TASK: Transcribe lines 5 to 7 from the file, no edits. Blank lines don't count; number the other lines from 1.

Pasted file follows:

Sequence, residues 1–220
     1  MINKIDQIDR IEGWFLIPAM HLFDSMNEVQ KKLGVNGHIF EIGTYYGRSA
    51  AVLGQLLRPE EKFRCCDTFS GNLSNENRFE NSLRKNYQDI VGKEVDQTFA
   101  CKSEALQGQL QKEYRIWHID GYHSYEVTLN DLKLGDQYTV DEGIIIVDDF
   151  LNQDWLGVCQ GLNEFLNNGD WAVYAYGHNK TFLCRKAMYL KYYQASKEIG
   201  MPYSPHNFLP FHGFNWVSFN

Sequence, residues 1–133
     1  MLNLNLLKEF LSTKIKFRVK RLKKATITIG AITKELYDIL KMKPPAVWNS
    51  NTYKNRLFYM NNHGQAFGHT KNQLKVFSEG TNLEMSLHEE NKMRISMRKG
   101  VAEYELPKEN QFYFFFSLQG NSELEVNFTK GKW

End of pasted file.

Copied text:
   151  LNQDWLGVCQ GLNEFLNNGD WAVYAYGHNK TFLCRKAMYL KYYQASKEIG
   201  MPYSPHNFLP FHGFNWVSFN

Sequence, residues 1–133